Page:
3 – 6 – 3

‘Hey kid, you’re 10 years old, want to play in college? Stop playing other sports.” An exaggeration, maybe? But in today’s youth Sports World it’s sadly not far from the truth. Where working hard in season use to be the norm, now we have added summer tournament travel, off season leagues and year round instruction. And the result is, Specialization. Driven by the mantra “More is Better.” And more significantly the “Scholarship” train.

Here is the reality, “More” most often is simply working more, not necessarily harder and certainly not smarter. And less than 2% of high school athletes receive athletic scholarships. So what’s the answer? How do parents and young athletes make smart
choices concerning athletic development?

1. Play other sports

College coaches preach the value in playing multiple sports (speaks to athleticism and the ability and desire to compete) which juxtaposes the prevailing message delivered to parents and youth players by program directors and coaches, “You want to excel, you need to play year round.”

The benefits of being a multiple sport athlete are numerous:

  • Development of overall athleticism
  • Development of different individual motor skills, results in increased performance
  • Reduced rate of repetitive injuries, different sports require different movements
  • Less physical and emotional burn out
  • Learning how to compete on different stages, “no moment is too big”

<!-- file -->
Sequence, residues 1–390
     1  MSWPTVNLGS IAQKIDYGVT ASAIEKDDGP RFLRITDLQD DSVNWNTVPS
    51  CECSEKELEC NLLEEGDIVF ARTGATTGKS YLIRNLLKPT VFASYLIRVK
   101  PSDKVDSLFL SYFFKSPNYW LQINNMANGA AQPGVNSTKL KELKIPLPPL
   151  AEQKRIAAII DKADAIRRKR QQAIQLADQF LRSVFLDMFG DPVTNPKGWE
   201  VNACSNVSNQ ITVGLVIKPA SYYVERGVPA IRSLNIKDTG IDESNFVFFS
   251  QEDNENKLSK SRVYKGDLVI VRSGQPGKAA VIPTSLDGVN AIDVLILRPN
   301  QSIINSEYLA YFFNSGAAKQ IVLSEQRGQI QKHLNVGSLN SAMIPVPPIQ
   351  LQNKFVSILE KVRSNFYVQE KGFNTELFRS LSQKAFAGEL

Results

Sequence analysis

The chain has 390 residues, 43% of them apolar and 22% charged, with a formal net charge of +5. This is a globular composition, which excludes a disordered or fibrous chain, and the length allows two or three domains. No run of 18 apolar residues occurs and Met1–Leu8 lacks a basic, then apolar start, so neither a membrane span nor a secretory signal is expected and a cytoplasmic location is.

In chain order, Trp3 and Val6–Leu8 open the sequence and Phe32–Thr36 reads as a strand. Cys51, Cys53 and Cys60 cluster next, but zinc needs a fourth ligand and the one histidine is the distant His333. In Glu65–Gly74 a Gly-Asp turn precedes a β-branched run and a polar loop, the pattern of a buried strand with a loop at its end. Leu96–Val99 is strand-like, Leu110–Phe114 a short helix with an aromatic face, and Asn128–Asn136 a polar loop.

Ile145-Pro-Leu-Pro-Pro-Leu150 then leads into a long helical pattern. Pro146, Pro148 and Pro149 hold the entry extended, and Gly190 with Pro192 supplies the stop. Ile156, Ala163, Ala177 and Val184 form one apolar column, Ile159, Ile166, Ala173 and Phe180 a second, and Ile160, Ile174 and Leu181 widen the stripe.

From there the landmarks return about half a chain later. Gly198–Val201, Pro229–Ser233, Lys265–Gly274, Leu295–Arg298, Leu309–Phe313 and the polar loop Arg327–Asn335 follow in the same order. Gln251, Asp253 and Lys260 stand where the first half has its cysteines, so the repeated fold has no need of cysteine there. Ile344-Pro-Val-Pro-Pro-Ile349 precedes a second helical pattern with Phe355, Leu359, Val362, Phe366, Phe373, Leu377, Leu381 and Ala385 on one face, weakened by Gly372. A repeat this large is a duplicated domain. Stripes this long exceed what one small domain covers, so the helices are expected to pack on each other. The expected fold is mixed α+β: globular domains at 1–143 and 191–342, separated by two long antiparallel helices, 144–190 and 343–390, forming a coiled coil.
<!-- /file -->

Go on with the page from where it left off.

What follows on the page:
• Expand your Athletic and Emotional IQ by playing different sports, playing fordifferent coaches and playing with different teammates

2. The 3 – 6 – 3 Rule : You chose not to play another sport or do not have the option

  • First 3 months: Play your sport in season
  • Next 6 months: Develop your overall athleticism and sport specific skill set.
    a. Develop a training schedule which incorporates all of the following: Strength, Power, Speed, Balance, Agility
    b. Skill work: Identify your deficiencies and put together a program to improve these sport specific skills
    c. Incorporate games: Games play an important role. You learn what you can do and cannot do. Simply put, “you learn what you have learned and learn what you still need to learn.”
  • Next 3 months: Find a hobby, do community service, incorporate a passive training schedule. Create balance and perspective to create improved physical, mental and emotional health.

For all athletes here is why it’s not only about games when it comes to Athletic Development
Team Practice/Individual Lessons is an athlete’s Classroom Instruction
– Individual Practice is the athlete’s Homework
– The Game is the athlete’s Test.

The above three components are equally vital to the athletic learning and developmental Process. Any off season plan must incorporate all three, to ensure the athlete is working not only hard but smart. No student will learn just taking tests. No athlete will improve just playing games.

Working Smart

  • Play multiple sports if you have the ability
  • Play one sport, use the 3-6-3 rule
  • Work to develop both your athleticism and individual skill set
  • Find a talented instructor who is a “ teacher”
  • Understand and just as importantly be realistic about your athletic ability and ceiling
  • Incorporate the 3 components: Team Practice , Individual Practice and Games
  • Take time off to be a non-athlete: Create balance and perspective to improve your physical, mental and emotional health

The Athletic Process: Leaning How to Compete
To view the Athletic Process segment visit Tap Corner at athleticpitcherseries.com

Previous Post

The 2 Big C’s: Command and Change Up

Scroll to top